The Oct. 5 municipal elections are less than a month away, and early voting for both the borough and the city starts on Tuesday. Here’s everything you need to know before you vote.

 

EARLY VOTING

The borough and city have replaced in-person absentee voting with early voting. Early voting proceeds as if you were voting in-person on election day.

Early voters can request a ballot in person from the borough clerk office or the city clerk office or a designated official at the Borough Assembly chambers, 710 Mill Bay Road, Room 232,  between Sept. 14 and Oct. 4 from 10 a.m. to 4:30 p.m. 

Registered voters should have necessary documents, such as driver’s license or other identification, and will sign their precinct register. Voters will then be handed a ballot to fill out in a voting booth. The ballot will be fed into the voting machine and counted on Election Day.

 

ABSENTEE-BY-MAIL

Registered voters who want to vote absentee-by-mail must apply by no later than Sept. 28, seven days before the elections. City of Kodiak voters can pick up absentee-by-mail applications at the City Clerk’s office, 710 Mill Bay Road, Room 110, or online at www.city.kodiak.ak.us/cityclerk.

Borough residents can pick up absentee-by-mail applications at the Kodiak Island Borough, 710 Mill Bay Road, or online at https://www.kodiakak.us/250/Absentee-Voting-Information.

According to Borough Clerk Alise Rice, absentee-by-mail voters mailing their ballots must make sure it is postmarked no later than Oct. 5, and must be received by the clerk’s office no later than Oct. 12 to be accepted.

All absentee-by-mail voters must provide their physical Kodiak, Alaska, address (street number, milepost, trailer court and space number). 

Registered voters who provide a residential address in another county or state, or provide a P.O. box, postal service center or Rural Route number will have their applications rejected.

Active duty military service members from Kodiak Island must provide their physical residence address within the state. If they have been assigned to an active duty station outside Alaska, they may wish to maintain their Alaskan residence address as it appears on their current registration record. If they provide a new residence address, it must be within Alaska.

Applications can either be emailed or electronically submitted by fax or email.

Kodiak Island Borough residents: 

Mail: Kodiak Island Borough, Office of the Borough Clerk, 710 Mill Bay Road, Kodiak, AK 99615 Email: clerks@kodiakak.us and mail the original to the Office of the Borough Clerk

 Fax : 907-486-9391 and mail the original to the Office of the Borough Clerk.

City of Kodiak Residents:

Mail: City of Kodiak, City Clerk’s Office, 710 Mill Bay Road, Room 110, Kodiak, AK 99615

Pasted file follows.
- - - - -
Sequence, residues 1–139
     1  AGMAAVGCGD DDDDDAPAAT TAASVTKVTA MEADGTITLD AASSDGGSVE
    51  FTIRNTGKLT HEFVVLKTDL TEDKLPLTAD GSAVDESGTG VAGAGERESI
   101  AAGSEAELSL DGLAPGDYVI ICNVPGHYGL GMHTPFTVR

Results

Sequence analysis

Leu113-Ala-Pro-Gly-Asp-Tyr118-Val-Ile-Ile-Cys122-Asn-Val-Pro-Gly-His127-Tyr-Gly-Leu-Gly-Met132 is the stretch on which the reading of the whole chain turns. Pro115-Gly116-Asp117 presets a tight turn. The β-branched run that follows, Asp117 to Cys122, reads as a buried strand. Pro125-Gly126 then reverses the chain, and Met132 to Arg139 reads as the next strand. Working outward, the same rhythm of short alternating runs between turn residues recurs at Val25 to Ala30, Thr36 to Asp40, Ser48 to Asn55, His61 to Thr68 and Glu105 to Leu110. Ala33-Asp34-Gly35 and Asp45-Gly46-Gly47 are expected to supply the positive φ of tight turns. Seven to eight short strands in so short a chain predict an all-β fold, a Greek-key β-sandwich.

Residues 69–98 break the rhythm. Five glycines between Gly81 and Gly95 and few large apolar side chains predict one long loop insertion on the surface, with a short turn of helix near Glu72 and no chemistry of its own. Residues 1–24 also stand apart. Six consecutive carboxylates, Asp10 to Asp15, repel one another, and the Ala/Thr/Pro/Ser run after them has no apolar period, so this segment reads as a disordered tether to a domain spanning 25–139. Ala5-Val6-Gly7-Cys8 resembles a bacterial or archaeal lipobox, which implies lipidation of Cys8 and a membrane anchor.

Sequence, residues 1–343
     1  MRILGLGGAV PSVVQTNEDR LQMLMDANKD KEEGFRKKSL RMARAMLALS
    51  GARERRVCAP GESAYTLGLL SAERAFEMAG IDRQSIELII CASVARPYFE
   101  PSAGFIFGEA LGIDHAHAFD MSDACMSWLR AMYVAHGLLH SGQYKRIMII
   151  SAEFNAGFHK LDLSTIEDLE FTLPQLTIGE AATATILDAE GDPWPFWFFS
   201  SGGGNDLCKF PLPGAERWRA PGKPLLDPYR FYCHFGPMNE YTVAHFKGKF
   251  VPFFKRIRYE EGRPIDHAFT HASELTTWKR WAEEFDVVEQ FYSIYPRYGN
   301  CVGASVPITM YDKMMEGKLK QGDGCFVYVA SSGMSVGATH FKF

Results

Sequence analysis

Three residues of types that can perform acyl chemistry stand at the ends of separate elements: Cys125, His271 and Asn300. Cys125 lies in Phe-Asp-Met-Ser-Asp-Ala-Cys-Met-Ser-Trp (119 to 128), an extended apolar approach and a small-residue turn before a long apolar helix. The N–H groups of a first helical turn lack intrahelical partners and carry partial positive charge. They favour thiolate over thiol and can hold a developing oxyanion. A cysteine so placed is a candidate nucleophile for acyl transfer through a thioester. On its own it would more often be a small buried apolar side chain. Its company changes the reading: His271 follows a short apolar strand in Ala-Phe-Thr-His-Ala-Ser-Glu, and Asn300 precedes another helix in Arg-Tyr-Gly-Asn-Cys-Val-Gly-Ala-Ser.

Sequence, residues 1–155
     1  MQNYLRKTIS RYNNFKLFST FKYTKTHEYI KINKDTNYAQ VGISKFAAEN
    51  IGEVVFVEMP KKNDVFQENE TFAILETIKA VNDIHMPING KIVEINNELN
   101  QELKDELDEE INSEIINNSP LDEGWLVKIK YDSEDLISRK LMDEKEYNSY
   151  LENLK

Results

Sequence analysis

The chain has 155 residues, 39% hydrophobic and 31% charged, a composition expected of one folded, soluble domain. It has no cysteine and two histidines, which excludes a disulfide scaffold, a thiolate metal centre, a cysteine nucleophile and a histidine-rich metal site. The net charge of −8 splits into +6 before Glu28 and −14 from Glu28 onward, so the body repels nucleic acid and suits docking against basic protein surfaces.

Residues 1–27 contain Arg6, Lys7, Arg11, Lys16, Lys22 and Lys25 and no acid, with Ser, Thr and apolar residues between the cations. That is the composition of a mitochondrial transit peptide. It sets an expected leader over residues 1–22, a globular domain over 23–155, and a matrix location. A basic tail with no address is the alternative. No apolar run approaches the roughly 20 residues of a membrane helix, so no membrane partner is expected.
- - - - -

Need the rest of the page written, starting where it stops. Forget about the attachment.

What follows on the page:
Fax: 907-486-8633 and mail the original to the Office of the City Clerk.

Absentee-by-mail canvasing begins the day after the election and results will be posted within 10 days of the election.

 

VOTING IN THE

VILLAGES

The borough Assembly recently passed a resolution designating places that had voter turnout of fewer than 100 as ballot-by-mail precincts.

According to Rice, ballots will be sent to registered voters in the villages, along with instructions on how to properly conduct operations. This includes Akhiok, Port Lions, Old Harbor, Ouzinkie, Larsen Bay and Karluk.

The borough also will have election workers in each area for election day voting as well.

 

BOROUGH, CITY NEED ELECTION WORKERS

While the election is still 22 days away, both the city and the borough are already in need of election employees, according to Rice, the borough clerk.

“We had quite a few election workers who didn’t feel comfortable working the polls with COVID still a concern,” Rice said Friday. “A lot of our election workers are 50 or older and they’ve been doing our elections for quite some time, so we’re trying to pull in younger people to help with polls.”

Election poll workers are essential to the election process, Rice said.

“They’re very crucial, especially for our code, which requires three per precinct,” Rice said. “Polls get very busy, and we want to make sure people are comfortable and are receiving the services to make sure they are able to cast their votes safely.”

Election poll workers are paid a specific wage, Rice said.

To see if you are able to be a poll worker contact the City Clerk at 907-486-8636 or the Borough Clerk at 907-486-9310.

The Youth Ambassador Program provides another avenue, Rice said. The program, overseen by the Alaska Division of Elections, allows high school students ages 16 or 17 who are in good standing in a public, private or qualified home school program to work the polls on Election Day.

“Students do an application through their school and it goes to the state, who approves it and then they contact us to let us know who can work,” Rice said. “Last year was the first year we did this program, and we had three that participated.”

Like adult poll workers, Youth Ambassadors are paid.

Rice said at least one Youth Ambassador will be returning this year. 

“It’s important for young people to get involved so they are also learning the democratic process and how our government works,” Rice said. “They in turn can tell others they had fun working at the polls — it’s educational, it’s social and it gets them out in the community.” 

For more information on the Youth Ambassador Program, visit bit.ly/3k14iYj

 

 

 

 

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